A plump pod full of Colossus Crowder peas. Photo by Bruce Leander

Southern Peas – These legumes go by many names – cowpeas, field peas, black-eyed peas – but no matter what you call them they can take the Texas heat. They also taste delicious, produce beautiful blossoms, and can be used as a cover crop to build nitrogen and organic matter in the soil.  Two old-fashioned varieties for summer cover crops are ‘Red Ripper’ and ‘Iron and Clay’.  For fresh-eating I am partial to ‘Purple Hull’ and crowder peas (so called because the peas are crowded in the pod) such as ‘Mississippi Silver’ and ‘Colossus’.  Heavenly Seed (www.heavenlyseed.net) is a small, family-owned seed company located in Anderson, South Carolina, that offers a superb selection of southern peas.

Asparagus, or long beans, can grow to 18" and are great in a stir fry. Photo by Bruce Leander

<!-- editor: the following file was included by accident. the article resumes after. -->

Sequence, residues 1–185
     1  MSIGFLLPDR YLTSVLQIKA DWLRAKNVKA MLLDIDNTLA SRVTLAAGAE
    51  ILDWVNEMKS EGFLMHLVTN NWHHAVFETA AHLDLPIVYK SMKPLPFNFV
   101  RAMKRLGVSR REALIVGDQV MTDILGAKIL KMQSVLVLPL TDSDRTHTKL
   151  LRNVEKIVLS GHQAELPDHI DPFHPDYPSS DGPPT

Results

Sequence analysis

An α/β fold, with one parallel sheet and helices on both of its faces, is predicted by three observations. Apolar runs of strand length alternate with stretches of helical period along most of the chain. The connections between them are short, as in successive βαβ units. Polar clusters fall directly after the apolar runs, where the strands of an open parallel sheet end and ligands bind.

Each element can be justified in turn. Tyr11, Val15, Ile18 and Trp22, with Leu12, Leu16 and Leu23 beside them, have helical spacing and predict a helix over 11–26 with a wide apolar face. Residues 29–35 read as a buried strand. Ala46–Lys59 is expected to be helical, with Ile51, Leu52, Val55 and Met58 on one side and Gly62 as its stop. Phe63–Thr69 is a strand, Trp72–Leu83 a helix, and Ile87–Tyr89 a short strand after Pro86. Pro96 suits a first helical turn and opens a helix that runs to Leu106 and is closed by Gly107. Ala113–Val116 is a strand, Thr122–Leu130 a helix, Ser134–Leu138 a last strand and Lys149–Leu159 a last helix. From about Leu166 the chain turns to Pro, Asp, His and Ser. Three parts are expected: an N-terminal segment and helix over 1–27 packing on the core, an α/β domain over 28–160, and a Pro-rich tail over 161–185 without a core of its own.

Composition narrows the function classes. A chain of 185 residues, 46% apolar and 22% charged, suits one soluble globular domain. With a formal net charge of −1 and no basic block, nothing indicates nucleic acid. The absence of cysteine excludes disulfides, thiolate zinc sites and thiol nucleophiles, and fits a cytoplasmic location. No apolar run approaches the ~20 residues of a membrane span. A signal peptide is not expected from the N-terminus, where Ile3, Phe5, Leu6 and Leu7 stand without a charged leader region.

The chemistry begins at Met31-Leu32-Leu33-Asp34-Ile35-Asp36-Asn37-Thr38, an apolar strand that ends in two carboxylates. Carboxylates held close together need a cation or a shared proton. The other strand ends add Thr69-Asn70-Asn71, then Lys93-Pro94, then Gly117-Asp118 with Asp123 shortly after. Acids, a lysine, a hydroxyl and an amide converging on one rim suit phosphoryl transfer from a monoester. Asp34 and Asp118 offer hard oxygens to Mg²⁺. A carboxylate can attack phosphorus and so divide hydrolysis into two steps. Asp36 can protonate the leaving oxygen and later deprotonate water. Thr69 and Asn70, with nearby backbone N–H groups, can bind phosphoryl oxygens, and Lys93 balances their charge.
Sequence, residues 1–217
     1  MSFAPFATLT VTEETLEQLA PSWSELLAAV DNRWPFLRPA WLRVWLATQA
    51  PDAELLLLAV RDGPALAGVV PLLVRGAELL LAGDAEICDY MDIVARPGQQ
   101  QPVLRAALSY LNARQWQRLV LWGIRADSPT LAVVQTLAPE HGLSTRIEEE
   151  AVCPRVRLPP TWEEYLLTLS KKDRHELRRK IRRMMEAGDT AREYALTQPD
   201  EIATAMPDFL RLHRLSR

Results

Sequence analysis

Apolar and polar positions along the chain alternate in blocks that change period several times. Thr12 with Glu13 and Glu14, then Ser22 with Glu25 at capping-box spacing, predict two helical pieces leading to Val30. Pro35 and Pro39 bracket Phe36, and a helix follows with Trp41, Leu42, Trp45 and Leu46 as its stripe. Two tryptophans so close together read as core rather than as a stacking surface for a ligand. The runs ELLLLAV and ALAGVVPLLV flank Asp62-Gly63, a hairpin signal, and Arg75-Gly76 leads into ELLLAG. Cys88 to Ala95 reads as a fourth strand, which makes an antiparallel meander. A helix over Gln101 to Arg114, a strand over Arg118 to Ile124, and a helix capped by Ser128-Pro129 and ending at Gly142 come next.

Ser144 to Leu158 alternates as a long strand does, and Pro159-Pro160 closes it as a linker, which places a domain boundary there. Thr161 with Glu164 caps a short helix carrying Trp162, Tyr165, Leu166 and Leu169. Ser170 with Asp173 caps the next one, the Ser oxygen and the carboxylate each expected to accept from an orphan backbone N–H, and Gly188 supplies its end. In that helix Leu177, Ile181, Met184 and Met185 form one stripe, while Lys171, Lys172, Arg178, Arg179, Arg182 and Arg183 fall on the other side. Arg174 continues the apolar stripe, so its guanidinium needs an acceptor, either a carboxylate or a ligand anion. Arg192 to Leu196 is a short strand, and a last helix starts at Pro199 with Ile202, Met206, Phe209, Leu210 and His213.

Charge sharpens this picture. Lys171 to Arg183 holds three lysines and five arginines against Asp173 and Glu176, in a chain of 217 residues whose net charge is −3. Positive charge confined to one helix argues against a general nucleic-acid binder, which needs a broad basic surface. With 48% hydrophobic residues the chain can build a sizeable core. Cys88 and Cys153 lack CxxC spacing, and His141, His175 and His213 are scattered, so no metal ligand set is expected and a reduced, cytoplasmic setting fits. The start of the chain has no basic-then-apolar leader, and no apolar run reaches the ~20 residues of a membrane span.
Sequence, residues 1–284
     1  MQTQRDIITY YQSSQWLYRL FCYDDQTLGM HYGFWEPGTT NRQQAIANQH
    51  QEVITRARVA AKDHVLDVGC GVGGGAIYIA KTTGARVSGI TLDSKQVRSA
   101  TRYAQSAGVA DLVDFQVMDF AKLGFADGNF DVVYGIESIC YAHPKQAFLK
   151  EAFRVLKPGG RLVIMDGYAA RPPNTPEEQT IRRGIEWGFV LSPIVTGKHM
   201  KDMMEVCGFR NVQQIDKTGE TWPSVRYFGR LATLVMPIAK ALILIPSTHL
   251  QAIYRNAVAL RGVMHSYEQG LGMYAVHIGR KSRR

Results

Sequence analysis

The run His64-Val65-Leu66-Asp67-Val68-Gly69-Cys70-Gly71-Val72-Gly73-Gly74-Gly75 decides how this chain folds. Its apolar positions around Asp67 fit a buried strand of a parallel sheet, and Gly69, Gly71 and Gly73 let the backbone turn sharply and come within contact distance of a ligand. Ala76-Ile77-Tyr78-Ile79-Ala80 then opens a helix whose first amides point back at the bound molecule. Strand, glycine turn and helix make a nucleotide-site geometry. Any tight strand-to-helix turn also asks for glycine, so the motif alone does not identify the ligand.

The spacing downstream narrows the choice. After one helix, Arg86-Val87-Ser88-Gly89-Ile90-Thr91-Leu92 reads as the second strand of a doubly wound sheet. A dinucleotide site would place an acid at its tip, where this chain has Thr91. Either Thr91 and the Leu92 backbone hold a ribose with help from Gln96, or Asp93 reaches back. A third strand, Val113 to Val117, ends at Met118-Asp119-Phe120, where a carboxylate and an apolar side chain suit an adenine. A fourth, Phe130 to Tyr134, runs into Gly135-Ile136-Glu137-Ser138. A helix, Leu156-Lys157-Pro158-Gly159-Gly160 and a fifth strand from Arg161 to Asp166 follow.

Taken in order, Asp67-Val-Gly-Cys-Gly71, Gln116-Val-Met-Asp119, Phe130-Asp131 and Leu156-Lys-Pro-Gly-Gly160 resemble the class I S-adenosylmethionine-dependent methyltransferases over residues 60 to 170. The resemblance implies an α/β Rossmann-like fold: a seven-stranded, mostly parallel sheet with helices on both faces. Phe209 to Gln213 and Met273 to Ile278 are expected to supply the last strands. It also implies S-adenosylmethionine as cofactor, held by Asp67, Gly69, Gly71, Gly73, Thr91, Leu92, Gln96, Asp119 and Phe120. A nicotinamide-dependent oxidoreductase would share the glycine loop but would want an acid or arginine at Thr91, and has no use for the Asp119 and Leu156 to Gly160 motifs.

Asparagus BeansAlso known as yard long beans, this heat-loving relative of the cowpea is popular for use in Asian stir-fries. Most varieties are vigorous vines that require a sturdy fence or trellis. Harvest when pods are about 15-18” long, before beans begin to swell. ‘Red Noodle’, available from both Baker Creek and Heavenly Seed, produces long, burgundy pods that can be sliced and sautéed or stir-fried.

 

Malabar spinach is a great green for the Texas heat. Photo by Bruce Leander

Molokhia and Malabar Spinach – Lettuce and other greens thrive in most of Texas from fall to early spring, but home-grown salad greens are hard to come by as summer approaches. As the days grow long and hot many gardeners turn to Malabar spinach as a warm weather salad green. Another summertime option is a popular Middle Eastern green called molokhia, sometimes referred to as Egyptian spinach. The nutritious, grassy tasting leaves are plucked from fast-growing, multi-stemmed plants that grow 4-6 feet tall. Young leaves and shoots can be added to salads or sandwiches and older leaves can be cooked or sautéed and added to soups or casseroles. A reliable seed source for both of these greens is Kitazawa Seed Company (www.kitazawaseed.com).

Molokhia leaves and seed pods. Photo by Bruce Leander